When we want to create 3D content for augmented reality or for any other purposes, we need, of course, a 3D creation software. There are plenty of options, and some of them are thought for being combined with other ones, so in this post I’ll talk a little about some of the main 3D softwares so you can decide which one fits your needs better or it’s more accessible to you.
First things first… if you’re new to 3D, nottice that you’re going to find yourself overwhelmed by the interface and the big ammount of options, but this doesn’t depend too much on the software you pick, they’re all similar: different interfaces, different workflows or philosophies, but similar options and features. It’s just that 3D is a really big world, and you just need to take sometime to get used to the new options that you have in your hands.
So let’s mention the most used 3D softwares: 3Ds Max, Maya, SoftImage, Modo, LightWave, Blender. There are a lot more, but these are the most powerful and popular ones, so we’ll focus on them.
3Ds Max, Maya and SoftImage were in the past 3 completely different packages. Now they are all property of the same company, Autodesk, and this is making some tools jump between the three of them, so now they share some great tools, while keeping their own interfaces and workflows.
3Ds Max, is probably the most popular 3D software, mainly because it’s one of the very firsts softwares in this field, and a lot of us started using it for that reason, as it was the most extended one. Years ago, there was some kind of distintions between the features of these softwares:
3Ds Max: Arquitecture ; Maya: Movies and animation ; XSI: VideoGames.
Today, the differences are not so big, and we can do almost whatever with any of the three softwares, even if it’s true that for big companies, probably for some specific task one of them is preferred.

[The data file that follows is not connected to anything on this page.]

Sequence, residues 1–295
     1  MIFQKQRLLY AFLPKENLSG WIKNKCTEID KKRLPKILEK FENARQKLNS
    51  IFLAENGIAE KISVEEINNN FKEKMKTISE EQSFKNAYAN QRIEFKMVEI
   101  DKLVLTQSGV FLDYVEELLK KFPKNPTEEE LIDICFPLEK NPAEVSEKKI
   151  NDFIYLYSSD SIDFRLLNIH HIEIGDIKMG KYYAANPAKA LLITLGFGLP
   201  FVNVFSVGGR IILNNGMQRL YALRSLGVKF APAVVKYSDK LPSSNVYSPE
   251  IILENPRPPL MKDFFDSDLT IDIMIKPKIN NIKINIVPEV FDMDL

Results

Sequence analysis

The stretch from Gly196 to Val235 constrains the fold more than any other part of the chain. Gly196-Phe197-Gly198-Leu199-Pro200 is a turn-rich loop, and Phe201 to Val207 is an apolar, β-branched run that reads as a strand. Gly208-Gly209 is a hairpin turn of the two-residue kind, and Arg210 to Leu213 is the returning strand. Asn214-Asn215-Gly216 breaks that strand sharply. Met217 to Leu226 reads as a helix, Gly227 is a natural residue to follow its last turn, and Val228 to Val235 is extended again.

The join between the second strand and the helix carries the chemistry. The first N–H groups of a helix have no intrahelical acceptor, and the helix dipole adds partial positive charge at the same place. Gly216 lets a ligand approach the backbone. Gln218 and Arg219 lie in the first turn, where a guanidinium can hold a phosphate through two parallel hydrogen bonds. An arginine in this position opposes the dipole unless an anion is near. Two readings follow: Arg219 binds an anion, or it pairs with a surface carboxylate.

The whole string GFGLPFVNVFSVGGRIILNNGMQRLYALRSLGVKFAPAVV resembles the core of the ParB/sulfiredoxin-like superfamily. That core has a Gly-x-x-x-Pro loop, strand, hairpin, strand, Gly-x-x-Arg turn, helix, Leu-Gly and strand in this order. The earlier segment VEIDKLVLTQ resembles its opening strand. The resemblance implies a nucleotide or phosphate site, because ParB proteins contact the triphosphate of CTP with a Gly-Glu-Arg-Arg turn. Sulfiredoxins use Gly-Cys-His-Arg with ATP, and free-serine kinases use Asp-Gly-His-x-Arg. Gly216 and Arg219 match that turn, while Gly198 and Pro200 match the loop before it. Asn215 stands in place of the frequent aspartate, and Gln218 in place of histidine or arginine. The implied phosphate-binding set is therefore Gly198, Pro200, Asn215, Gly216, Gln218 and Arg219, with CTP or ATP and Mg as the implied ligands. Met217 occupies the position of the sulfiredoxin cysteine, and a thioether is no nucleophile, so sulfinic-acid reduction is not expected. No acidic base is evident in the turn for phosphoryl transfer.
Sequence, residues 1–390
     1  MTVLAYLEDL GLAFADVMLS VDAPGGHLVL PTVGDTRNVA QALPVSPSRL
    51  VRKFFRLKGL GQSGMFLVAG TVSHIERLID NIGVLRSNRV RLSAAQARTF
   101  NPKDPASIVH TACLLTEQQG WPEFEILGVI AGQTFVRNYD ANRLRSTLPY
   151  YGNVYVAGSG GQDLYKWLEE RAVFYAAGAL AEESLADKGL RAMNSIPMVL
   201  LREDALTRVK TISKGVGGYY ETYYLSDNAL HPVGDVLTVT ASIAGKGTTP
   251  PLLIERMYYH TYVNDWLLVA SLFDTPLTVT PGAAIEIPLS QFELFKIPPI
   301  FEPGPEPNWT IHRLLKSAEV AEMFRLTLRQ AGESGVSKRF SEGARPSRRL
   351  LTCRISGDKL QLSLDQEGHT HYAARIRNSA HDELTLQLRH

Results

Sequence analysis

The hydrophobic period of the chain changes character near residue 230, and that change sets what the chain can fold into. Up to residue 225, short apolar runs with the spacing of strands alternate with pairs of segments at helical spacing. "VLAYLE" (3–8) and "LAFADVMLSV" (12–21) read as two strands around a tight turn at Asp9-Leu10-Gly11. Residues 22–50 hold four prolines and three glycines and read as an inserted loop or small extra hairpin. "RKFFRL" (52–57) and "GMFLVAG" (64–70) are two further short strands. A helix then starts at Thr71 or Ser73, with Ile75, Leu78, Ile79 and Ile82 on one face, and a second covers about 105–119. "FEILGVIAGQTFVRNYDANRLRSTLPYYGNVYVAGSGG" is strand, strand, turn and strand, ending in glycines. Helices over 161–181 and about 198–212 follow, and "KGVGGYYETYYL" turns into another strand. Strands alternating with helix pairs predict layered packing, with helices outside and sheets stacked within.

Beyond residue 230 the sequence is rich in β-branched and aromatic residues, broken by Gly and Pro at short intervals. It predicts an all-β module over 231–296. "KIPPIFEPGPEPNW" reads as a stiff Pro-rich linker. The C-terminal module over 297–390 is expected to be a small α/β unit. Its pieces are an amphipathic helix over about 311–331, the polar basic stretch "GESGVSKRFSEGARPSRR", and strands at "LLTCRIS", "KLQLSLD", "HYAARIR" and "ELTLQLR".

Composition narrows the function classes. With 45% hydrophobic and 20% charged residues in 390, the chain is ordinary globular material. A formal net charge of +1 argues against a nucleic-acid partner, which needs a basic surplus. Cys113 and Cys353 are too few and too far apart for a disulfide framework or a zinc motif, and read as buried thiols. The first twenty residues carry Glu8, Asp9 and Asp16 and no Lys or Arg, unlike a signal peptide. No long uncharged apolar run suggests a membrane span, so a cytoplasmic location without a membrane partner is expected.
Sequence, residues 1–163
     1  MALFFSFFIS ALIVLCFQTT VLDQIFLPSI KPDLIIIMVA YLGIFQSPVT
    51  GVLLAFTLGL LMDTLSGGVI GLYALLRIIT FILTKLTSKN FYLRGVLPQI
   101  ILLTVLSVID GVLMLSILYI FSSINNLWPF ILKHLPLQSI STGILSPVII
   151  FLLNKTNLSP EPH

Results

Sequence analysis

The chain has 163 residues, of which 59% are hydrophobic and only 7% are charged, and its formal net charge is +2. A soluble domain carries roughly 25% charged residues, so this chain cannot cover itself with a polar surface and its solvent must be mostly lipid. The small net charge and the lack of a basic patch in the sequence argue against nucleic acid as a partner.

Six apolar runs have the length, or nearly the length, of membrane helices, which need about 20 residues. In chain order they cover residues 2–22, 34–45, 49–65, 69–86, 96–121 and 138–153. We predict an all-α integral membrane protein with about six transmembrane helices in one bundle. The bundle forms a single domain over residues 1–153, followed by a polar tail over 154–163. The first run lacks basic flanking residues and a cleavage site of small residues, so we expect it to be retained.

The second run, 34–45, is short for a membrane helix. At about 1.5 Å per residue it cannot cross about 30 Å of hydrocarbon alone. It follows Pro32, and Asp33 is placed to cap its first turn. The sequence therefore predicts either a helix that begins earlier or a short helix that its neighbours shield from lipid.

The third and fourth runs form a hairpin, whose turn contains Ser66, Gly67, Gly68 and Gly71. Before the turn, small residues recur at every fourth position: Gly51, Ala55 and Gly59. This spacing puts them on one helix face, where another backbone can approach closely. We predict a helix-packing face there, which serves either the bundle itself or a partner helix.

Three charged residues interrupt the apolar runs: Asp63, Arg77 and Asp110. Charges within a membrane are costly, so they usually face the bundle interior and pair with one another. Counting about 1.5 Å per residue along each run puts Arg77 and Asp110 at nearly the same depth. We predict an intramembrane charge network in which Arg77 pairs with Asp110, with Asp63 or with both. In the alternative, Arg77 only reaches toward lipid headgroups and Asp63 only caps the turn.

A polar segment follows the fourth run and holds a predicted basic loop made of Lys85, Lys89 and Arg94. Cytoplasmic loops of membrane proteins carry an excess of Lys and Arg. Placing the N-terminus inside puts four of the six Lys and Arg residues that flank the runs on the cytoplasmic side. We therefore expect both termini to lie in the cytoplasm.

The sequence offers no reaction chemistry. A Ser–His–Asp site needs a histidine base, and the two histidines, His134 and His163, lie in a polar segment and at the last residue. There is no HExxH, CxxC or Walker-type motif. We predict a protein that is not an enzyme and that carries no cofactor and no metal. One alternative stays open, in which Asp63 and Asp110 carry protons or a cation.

The counterpart of these great softwares is that they are quite expensive, rounding 4.000 € a license, and also, they usually require pretty powerful computers to run them smoothly, as they’re quite heavy softwares.
While those mentioned before are the most popular, we have some cheaper (or even free) and also powerful alternatives: Modo & LightWave are very powerful 3D softwares, and while they are probably more specialized in modelling and rendering, nowadays they also have some animation tools… not as full featured as the ones found in the Autodesk Products, but usually powerful enough for the uses of a freelancer or small companies.
And finally, we have Blender, free and Open Source software, which I heavily recommend. Blender has “suffered” a great rebuilding last two years, making it now much more usable and powerful in a proffessional environment. It’s starting to be compared to the comercial 3D softwares, except for the fact that third companies developing “big” plugins and add-ons aren’t developing for it yet, as it’s a different market and a different public. But previssions are in the coming years it will be much more extended, as its user base is growing really fast, as fast as its developement.
The counterpart of Blender is that you haven’t official support (for now) if you have a problem, or you may encounter a bug from time to time… but it’s free. You can just go to their website (www.blender.org), download it for no cost, and start using it completely legally!
Either way, if you’re new to 3D, you probably want something to start as soon as possible. Blender could be your faster solution: free, powerful and runs in almost every computer. This is another reason to use blender: you have versions for almost every platform, including Linux, which is something to have in account if you usually work under that OS environment.
If you like it, and you like 3D and want to start working on more serious projects… then maybe you’d like to switch to something bigger as 3Ds Max or Maya, after all, for some tasks you’ll probably need them, but to have a quick approach and experiment what 3D world is like… let’s take blender, and play with it right ahead!
Apart from all these softwares, there are complementary softwares, like Zbrush or Mudbox… to aid model sculpting, modeling, texture painting, retopo and to make easier these specific parts of the workflow, but can’t create final and complete 3D content alone, you need to combine them with one of the other 3D packages to that end.
And this is everything for now. I hope it helps some of you to start a 3D creation experience from now on!
Here you have links to each of the discused softwares’ official webs, so you can check them:
Tags: 3D, 3Ds Max, Augmented Reality, Blender